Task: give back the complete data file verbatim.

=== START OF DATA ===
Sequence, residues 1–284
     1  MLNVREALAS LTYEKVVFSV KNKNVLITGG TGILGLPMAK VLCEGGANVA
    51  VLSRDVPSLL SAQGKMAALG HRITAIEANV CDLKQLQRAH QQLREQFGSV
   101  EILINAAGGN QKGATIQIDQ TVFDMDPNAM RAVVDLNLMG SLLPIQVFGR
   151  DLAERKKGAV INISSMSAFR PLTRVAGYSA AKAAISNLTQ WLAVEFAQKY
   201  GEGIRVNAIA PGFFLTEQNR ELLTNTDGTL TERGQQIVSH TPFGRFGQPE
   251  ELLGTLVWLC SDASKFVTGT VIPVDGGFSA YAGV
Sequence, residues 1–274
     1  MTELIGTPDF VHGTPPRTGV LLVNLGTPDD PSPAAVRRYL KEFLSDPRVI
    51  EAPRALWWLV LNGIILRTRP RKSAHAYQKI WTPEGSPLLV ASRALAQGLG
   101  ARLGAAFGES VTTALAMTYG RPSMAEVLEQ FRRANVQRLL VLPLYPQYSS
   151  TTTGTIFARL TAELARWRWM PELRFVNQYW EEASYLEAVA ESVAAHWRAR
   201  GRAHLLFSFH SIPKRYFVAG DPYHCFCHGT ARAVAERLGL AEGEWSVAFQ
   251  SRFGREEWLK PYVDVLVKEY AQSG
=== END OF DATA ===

Sequence, residues 1–284
     1  MLNVREALAS LTYEKVVFSV KNKNVLITGG TGILGLPMAK VLCEGGANVA
    51  VLSRDVPSLL SAQGKMAALG HRITAIEANV CDLKQLQRAH QQLREQFGSV
   101  EILINAAGGN QKGATIQIDQ TVFDMDPNAM RAVVDLNLMG SLLPIQVFGR
   151  DLAERKKGAV INISSMSAFR PLTRVAGYSA AKAAISNLTQ WLAVEFAQKY
   201  GEGIRVNAIA PGFFLTEQNR ELLTNTDGTL TERGQQIVSH TPFGRFGQPE
   251  ELLGTLVWLC SDASKFVTGT VIPVDGGFSA YAGV
Sequence, residues 1–274
     1  MTELIGTPDF VHGTPPRTGV LLVNLGTPDD PSPAAVRRYL KEFLSDPRVI
    51  EAPRALWWLV LNGIILRTRP RKSAHAYQKI WTPEGSPLLV ASRALAQGLG
   101  ARLGAAFGES VTTALAMTYG RPSMAEVLEQ FRRANVQRLL VLPLYPQYSS
   151  TTTGTIFARL TAELARWRWM PELRFVNQYW EEASYLEAVA ESVAAHWRAR
   201  GRAHLLFSFH SIPKRYFVAG DPYHCFCHGT ARAVAERLGL AEGEWSVAFQ
   251  SRFGREEWLK PYVDVLVKEY AQSG